PHLX Semiconductor Index
PHLX Semiconductor Description
The PHLX Semiconductor Sector Index (SOX) was introduced on the Philadelphia Stock Exchange on December 1, 1993. The Index had an initial value of 200. The SOX is a price-weighted index, which means that companies with higher stock prices have a greater influence on the Index. The SOX is composed of 19 companies involved in the design, distribution, manufacture, and sale of semiconductors. The Index was split two-for-one on July 24, 1995. Options on the Index were first traded on September 7, 1994.
The Semiconductor Index is traded on the Philadelphia Stock Exchange; investors use it to track the performance of semiconductor makers and equipment manufacturers. Since it tracks the cyclical semiconductor industry, the SOX tends to be highly volatile. Many technical traders have noted that a rise/decline in the SOX usually precedes a similar move in the broader technology markets. As such, the Semiconductor Index can serve as a fairly accurate leading indicator for technology stocks.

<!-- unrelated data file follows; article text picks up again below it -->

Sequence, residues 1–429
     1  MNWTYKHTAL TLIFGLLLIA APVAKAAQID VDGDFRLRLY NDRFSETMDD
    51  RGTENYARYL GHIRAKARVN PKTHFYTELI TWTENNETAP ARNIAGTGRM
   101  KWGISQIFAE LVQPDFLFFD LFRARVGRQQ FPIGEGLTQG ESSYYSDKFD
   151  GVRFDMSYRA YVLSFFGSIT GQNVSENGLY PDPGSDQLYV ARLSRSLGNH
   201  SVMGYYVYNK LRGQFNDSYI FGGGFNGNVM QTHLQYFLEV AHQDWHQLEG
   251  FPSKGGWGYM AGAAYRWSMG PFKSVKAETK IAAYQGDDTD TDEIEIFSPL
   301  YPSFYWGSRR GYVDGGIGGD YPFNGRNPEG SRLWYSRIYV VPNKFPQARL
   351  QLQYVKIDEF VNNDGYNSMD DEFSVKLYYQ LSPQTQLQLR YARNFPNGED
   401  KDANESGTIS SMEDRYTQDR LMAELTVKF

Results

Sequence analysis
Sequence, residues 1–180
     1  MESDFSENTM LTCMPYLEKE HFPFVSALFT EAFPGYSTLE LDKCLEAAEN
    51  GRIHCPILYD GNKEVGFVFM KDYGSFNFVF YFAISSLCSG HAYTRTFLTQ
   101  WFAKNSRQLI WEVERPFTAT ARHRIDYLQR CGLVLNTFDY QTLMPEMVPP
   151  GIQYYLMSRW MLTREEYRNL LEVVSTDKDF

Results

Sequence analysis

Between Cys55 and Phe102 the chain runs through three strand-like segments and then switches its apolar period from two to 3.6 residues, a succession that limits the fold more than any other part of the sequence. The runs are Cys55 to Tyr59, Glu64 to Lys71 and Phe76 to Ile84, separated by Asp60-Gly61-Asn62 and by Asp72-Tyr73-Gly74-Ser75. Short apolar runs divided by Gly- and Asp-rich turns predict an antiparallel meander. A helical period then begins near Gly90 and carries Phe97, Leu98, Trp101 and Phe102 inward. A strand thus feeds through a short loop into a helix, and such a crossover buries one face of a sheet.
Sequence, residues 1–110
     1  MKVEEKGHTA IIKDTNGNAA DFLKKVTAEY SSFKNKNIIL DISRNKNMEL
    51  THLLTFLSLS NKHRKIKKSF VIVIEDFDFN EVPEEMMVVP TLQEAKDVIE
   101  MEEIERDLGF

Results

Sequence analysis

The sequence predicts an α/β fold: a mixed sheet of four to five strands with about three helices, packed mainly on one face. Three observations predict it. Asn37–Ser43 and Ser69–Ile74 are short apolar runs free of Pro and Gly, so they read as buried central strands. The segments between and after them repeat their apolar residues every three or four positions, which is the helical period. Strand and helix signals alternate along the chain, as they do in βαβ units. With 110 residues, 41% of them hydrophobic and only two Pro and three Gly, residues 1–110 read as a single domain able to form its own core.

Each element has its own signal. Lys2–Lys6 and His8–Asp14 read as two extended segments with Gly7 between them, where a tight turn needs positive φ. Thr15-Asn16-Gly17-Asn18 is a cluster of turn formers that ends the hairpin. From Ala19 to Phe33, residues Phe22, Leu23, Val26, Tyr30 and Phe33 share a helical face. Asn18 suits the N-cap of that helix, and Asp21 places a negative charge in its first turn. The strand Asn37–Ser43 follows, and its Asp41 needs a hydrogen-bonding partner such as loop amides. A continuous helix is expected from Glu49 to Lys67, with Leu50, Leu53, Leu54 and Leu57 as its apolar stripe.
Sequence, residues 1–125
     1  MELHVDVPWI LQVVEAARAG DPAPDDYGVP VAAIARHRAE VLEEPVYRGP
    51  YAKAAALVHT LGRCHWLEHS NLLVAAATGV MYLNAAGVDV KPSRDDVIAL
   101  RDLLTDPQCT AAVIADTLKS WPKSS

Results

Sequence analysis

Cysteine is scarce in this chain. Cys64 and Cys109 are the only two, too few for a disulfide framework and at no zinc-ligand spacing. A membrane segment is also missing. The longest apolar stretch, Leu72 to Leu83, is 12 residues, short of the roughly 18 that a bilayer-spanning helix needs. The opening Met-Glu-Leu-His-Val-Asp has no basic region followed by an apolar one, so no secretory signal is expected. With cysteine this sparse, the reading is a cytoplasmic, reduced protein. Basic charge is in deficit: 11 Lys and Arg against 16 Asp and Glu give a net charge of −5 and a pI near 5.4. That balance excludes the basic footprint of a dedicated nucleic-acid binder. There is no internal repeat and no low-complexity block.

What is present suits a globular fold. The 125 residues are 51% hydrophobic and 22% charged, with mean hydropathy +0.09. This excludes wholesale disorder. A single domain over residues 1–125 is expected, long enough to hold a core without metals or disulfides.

Numerous futures, options, and Exchange Traded Funds (ETFs) track the performance of the Semiconductor Index. One of the most popular investment tools is the Semiconductor HOLDR (SMH). Even though this ETF does not implicitly track the Semiconductor Index, it has shown a great correlation to it over the years. It is one of the most liquid ETFs and charges a minimal management fee. A drawback of the SMH is that it, like every other HOLDR, can only be traded in 100-share round lots. This puts the fund out of reach for many small investors.